Remarks to the 75th Convention of the Diocese of Rochester, October 29, 2006
Last year’s Diocesan Convention passed a resolution asking for a Task Force to be set up to examine the Diocese’s response to a growing epidemic of violence in the City of Rochester, particularly among young people. The Bishop asked me to chair that Task Force with the staff support of Canon Steve Lane.
I wish I could report to you that the Task Force had worked hard and had a list of concrete action items to present to you, as the resolution envisioned. Representatives of many Rochester and Monroe District churches met on three occasions and began a conversation. A variety of factors prevented us from continuing our work.
Unfortunately, the violence continues. We have just had another extraordinarily violent summer in Rochester. More young people were shot, although fewer of them died than in 2005, which has meant less media attention.
One of the deaths, however, was a young man named Rodnell Hartzog, the father of a 3 year old member of St. Luke & St. Simon Cyrene, and the grandson of a longtime active member. Rodnell’s life and his death typified in many ways the culture of despair that is epidemic among young people in Rochester. He had been in and out of prison and was what many would dismiss as a “gang-banger.” But Rodnell was also a child of God who I buried in the section of Mt. Hope Cemetery owned by several of our churches.
We cannot allow ourselves to succumb to the temptation that Rodnell’s life and death did not matter. If nothing else we must question our own values that insist that hundreds of millions of dollars are spent on our security at airports and next to nothing in comparison to keep little children safe in our city neighborhoods. The message, whether we intend it or not, is that black kids are expendable to us. If that statement shocks or offends you, than you ought to demand that the church (at least the church) become a major force in raising the issue and solving the problem.
So I, for one, am not willing to let go of this issue. Despite the lack of action, I do think that we learned several things in our conversations that point a way forward. Four, in particular:
• Many congregations are doing a variety of important ministries in the City of Rochester, although they are being done largely in isolation and even ignorance of one another’s efforts. This is not helpful.
• Despite these efforts, and partially because of their isolated existence, the need before us is for a cross-parish strategy for urban ministry. Unless we do this, we can only be do-gooders and not problem-solvers.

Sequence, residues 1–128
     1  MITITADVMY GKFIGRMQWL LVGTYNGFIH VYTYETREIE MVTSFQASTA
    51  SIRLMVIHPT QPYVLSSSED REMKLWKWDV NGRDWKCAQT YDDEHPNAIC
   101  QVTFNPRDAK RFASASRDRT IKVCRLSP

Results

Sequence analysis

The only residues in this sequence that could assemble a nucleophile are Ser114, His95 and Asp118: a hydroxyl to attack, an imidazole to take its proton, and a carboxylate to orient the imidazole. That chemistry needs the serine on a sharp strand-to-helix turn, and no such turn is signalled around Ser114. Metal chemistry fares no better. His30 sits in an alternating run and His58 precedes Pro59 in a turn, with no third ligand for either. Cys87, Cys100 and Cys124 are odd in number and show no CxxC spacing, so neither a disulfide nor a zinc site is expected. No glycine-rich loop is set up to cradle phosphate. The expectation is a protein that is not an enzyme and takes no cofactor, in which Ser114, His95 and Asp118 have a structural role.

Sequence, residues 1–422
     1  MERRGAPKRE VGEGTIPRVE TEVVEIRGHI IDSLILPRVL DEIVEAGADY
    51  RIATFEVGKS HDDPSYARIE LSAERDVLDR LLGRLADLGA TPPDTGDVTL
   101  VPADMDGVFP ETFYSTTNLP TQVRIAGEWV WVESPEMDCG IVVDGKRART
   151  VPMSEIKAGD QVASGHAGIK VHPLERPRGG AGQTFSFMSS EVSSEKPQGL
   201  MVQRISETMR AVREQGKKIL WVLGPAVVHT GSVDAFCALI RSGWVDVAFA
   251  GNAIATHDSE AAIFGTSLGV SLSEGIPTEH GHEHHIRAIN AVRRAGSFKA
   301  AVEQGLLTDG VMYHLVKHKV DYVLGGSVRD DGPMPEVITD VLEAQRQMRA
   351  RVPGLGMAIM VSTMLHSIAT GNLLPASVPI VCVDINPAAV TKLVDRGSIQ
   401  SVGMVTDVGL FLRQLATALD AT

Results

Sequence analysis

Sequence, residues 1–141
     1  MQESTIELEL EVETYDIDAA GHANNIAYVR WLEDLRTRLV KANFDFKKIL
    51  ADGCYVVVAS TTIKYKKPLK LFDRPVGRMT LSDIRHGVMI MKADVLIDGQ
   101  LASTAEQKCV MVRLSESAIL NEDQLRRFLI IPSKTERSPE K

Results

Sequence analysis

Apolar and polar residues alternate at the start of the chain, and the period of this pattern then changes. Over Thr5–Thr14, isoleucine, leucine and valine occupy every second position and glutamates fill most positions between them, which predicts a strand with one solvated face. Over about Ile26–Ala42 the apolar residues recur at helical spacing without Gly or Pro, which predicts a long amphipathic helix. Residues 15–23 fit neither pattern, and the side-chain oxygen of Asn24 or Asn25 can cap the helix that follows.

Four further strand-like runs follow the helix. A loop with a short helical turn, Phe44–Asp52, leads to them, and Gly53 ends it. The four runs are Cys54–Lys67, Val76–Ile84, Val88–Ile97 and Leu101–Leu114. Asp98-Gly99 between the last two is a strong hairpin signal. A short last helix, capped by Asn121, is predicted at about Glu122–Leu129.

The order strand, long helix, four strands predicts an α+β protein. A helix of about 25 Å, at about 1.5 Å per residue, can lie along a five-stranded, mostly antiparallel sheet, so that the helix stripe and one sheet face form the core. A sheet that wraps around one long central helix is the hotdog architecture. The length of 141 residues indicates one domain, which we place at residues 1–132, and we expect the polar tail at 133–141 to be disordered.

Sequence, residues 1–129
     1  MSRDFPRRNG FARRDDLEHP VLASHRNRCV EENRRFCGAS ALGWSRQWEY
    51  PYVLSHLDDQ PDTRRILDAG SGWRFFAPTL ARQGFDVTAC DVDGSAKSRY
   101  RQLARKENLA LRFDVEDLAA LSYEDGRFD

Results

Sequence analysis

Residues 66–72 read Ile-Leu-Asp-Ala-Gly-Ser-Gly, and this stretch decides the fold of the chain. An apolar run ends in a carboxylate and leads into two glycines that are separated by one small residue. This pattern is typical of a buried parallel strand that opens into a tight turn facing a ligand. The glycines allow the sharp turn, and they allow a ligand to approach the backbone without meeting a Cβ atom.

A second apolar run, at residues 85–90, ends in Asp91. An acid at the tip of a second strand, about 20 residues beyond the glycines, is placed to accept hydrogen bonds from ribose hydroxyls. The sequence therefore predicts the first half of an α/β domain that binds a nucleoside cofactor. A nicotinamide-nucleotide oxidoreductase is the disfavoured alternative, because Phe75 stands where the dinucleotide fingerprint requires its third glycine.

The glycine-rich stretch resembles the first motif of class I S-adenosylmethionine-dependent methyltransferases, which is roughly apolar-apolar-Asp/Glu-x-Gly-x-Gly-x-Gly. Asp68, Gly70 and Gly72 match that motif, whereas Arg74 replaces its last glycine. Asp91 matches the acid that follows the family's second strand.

• We cannot be problem-solvers either as parishes or a diocese if we are not consistently engaging the issues of race and class privilege that underlie the problem of violence and the culture of despair. We must re-engage anti-racism work and we need to engage economic justice. The truth is that we are significantly ambivalent about taking up this work, but we also must come to terms with the fact that our ambivalence signals our effective abandonment of the city and the majority of its people who do not, by and large, inhabit our churches. And if we don’t think there is a direct connection between our ambivalence about anti-racism and economic justice work and who populates our churches, we are greatly deceived.
• The Rochester City churches of our Diocese need to take responsibility for any renewal of urban ministry on a diocesan level. This is not to re-create an old divide between urban and suburban that has been ameliorated by the joint functioning of our Rochester and Monroe Districts. It is to say that there are distinct urban issues, about which the city churches need to get clear in order to engage effectively the rest of the diocese, including the suburbs, where there is a natural ambivalence about urban issues.
To this end, Canon Lane and I are asking the Bishop and Diocesan Council to support a summit of the leadership of Rochester District Churches to determine whether a cooperative urban ministry strategy can be developed and implemented. We are also asking the Bishop and Council to renew the diocesan Anti-Racism Committee and consider implementation of anti-racism training that has been required by the General Convention since 2000. I personally pledge several members of my own parish to help in this effort, as we ourselves are in the process of re-engaging anti-racism and reconciliation ministry.
I hope those of you in the other Districts of the Diocese are aware of the importance of these efforts not exclusive of issues in your own areas of the Diocese. As most of you know, I am a son of the Southern Tier, and I am here to tell you that unless we begin to get a handle on the culture of despair and violence among our young people in the city, your towns and villages are next. Most of you are probably already seeing signs of this where you live, as I am in my hometown of Avoca.
Grant us wisdom, grant us courage, to reach outside of our comfort zones and let the world know that young people like Rodnell Hartzog are not only children of God but should be treated as if they are. Grant us wisdom, grant us courage to push ourselves to be more than good deed doers. Let us be problem solvers, so that no more children of God have to die in our own city.